The Wind-Up Birds – Tense, Nervous, Headache?

I’ve always had a soft spot for Leeds. Used to admire their footballers back in the Bremner days, until I read David Peace’s The Damned United, obviously. No-one fucks with Brian Clough! I went to Futurama there once, too: Death Cult, Killing Joke, New Order. My oldest chum, Olly Little, also did time there at University. Then, much later, I was a fervent appreciator of the resurgence in real independent labels that burst out of Leeds during the trakMARX years. Very fond of The Lodger, !Forward Russia! (impossible to get the apostrophes the right way up!), labels like Dance To The Radio, Brew Records – standard bearers for the likes of Sturdy Records, of which, more below. That must be why I fell in love with The Wind-Up Birds: Northern heritage. Whatever the reason, of all the likely lads grubbing about in amongst the also-rans in UK pop culture circa 2011, the Wind-Up Birds are perched on the brink of greatness, standing on the shoulders of pirates. With their future classic 45, ‘Meet Me At The Depot’ (Sturdy Records), due for release any day now (any day now, I shall be released), I tracked The Wind-Up Birds singer, Kroyd, down to his rural retreat to quiz him about impending fame, cultural baggage and Christmas in rehab:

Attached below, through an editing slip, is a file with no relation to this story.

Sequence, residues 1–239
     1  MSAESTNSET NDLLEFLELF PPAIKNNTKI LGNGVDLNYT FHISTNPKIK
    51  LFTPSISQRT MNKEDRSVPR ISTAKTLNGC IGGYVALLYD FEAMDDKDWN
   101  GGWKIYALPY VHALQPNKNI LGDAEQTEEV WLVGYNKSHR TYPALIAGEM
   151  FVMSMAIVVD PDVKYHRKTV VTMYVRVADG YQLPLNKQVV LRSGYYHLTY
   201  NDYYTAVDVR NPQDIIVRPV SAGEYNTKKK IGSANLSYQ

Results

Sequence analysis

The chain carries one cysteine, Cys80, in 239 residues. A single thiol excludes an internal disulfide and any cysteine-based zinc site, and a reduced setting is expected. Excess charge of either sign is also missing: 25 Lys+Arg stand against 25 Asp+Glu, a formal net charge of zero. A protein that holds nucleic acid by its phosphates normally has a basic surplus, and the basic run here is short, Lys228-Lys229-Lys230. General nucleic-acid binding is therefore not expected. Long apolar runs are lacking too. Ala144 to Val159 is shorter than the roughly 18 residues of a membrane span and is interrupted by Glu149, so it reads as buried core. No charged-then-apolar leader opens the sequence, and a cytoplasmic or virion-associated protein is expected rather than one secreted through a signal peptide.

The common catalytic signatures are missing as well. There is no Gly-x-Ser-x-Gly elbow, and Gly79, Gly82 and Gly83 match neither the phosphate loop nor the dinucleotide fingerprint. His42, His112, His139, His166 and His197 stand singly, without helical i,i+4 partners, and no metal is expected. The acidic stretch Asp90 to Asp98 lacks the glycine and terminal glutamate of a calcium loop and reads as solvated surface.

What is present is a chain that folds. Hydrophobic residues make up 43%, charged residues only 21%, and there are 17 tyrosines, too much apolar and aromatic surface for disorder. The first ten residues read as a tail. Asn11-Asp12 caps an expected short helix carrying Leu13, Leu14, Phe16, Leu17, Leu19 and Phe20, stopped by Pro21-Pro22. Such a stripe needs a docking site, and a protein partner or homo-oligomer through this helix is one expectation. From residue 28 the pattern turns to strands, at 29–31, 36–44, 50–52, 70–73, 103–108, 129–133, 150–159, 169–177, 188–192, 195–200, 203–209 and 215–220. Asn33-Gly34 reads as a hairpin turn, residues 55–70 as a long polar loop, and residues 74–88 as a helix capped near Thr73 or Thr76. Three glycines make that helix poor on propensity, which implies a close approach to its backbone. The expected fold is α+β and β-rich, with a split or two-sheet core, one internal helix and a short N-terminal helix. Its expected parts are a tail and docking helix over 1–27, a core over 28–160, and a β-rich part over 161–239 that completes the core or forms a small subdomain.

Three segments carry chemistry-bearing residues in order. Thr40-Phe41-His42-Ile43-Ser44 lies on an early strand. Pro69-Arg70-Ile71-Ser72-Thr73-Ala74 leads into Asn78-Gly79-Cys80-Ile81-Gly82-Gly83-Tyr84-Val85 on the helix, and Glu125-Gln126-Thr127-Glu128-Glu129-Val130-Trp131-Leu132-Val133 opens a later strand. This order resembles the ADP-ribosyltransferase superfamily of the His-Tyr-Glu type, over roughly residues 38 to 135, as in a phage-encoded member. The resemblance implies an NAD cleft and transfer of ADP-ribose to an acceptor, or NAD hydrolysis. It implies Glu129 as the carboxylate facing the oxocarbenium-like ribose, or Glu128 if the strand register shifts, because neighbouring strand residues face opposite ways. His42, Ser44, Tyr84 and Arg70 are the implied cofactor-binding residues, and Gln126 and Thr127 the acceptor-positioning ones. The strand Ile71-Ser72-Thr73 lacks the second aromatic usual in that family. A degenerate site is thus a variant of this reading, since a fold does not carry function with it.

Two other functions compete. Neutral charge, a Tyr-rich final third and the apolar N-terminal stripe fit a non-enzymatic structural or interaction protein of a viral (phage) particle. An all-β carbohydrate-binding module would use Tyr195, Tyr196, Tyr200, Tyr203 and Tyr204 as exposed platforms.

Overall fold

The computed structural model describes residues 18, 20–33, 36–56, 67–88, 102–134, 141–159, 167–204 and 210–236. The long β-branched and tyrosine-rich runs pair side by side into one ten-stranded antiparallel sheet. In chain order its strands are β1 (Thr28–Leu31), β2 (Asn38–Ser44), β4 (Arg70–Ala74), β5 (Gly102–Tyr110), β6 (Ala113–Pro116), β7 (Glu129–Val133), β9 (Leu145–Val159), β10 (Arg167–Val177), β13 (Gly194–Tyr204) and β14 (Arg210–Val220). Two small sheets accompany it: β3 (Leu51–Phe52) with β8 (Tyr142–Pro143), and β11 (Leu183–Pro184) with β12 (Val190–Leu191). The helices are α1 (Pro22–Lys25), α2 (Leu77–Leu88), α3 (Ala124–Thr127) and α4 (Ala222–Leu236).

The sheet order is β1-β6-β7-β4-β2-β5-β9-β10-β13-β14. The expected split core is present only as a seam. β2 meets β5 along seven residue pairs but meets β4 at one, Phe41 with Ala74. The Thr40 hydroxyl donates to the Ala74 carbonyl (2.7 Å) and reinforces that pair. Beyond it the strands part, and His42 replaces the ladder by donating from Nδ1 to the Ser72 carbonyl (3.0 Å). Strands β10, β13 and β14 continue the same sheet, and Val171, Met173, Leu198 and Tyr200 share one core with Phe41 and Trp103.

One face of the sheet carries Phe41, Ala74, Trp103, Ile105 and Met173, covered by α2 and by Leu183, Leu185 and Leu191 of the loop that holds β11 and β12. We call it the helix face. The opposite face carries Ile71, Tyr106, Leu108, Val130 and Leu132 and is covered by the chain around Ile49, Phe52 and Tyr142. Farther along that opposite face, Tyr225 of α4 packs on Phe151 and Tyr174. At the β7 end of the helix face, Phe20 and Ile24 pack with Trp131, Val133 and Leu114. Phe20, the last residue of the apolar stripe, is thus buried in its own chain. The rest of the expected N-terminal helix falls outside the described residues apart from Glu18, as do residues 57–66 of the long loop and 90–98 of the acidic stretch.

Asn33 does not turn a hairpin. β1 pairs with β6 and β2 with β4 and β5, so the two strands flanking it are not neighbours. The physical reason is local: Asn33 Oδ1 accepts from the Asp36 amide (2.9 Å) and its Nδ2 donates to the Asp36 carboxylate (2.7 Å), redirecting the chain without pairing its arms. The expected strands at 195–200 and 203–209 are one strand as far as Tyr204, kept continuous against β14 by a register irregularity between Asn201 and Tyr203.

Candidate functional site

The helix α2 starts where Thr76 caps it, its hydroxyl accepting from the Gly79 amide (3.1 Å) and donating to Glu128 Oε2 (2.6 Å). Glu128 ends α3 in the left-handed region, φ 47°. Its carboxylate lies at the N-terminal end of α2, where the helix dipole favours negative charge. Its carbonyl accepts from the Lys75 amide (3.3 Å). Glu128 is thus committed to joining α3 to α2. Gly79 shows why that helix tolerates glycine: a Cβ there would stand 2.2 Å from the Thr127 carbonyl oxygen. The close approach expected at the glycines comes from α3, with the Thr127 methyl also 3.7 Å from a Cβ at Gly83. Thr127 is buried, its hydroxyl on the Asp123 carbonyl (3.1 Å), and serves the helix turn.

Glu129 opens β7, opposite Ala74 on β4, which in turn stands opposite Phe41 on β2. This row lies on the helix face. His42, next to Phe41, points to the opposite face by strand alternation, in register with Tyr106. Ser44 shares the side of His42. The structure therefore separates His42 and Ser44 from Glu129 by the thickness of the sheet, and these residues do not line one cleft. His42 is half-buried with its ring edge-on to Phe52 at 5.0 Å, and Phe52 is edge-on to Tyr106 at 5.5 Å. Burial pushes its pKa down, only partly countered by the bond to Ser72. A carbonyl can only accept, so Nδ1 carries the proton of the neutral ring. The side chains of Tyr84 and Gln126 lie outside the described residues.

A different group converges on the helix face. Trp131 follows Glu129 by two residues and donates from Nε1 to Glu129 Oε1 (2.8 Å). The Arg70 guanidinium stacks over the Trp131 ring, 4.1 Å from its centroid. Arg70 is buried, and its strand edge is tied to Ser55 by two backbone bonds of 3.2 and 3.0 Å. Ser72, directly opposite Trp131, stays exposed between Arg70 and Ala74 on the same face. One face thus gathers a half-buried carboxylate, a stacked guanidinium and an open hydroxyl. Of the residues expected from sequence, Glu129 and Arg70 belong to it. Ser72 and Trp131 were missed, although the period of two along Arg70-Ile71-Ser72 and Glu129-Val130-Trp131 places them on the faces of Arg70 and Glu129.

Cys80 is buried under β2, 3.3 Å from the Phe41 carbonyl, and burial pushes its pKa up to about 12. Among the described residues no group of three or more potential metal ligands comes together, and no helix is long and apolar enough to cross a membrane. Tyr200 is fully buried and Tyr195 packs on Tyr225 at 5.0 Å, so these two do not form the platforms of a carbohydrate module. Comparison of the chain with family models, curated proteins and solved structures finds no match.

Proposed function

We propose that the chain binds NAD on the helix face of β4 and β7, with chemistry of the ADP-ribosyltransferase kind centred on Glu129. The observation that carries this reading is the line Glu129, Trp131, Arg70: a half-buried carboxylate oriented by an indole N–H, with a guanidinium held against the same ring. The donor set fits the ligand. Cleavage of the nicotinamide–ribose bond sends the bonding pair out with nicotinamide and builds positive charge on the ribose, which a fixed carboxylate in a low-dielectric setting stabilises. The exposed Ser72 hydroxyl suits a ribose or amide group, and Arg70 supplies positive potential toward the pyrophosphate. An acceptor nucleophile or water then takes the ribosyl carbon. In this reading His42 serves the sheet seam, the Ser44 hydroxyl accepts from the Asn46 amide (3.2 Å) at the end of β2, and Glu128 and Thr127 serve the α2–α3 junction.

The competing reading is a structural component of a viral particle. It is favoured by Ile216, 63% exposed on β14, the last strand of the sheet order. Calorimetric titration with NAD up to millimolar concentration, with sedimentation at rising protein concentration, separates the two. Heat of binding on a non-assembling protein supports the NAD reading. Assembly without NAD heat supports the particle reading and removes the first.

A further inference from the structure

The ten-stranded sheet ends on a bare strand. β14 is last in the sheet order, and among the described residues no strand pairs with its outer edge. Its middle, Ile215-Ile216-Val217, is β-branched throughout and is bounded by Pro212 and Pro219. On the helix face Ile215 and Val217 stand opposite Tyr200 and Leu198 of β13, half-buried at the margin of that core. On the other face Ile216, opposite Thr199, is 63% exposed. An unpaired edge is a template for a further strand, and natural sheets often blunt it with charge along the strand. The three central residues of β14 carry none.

Firstly, welcome to the pages of EYEPLUG, how’s it hanging?


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We understand that the Wind-Up Birds emerged, phoenix like, from the ashes of the Conmen, sometime in the mid-noughties . . . talk us through that birthing experience from your perspective.

For me personally, it was weird. I had never been in a band, had no musical skills, and was extremely shy and unwilling to perform. So with the Conmen I was just a lyricist who tagged along to practices and things. It was exciting watching songs come together and I was thrilled to be close to actual musicians. It was also really just Ben’s old band with me and Mat tagged on. It was only really when we got Oli in on drums that it felt like our band and something new. Even then it took a long time for me to find what my place should actually be in this thing.

What was the initial inspiration behind the group’s formation?

Myself and Neil (Stafford – original TWUBs guitarist) where friends at school. We were both obsessed with music and always talked about being in bands. I never took it any further than talking but Neil became an amazing guitarist and songwriter. He got a band together with Ben and I was very jealous! I always liked writing and have always been obsessed with song lyrics. The one area of Neil’s band I thought could improve was the lyrics so I kind of started shoving sheets of paper at him. We ended up turning some into demos at his house. We wanted to be Morrissey and Marr, face to face on a sofa writing amazing songs. But even at that stage, singing wasn’t something I felt was in me. We got Ben interested in the demos and things moved on from there.

With a personnel demographic that incorporates varied representation from Leeds, Northampton, Blackpool and The Isle Of Man, do those geographical origins bring any specific flavours in terms of musical influences to the integral Wind-Up Birds sound?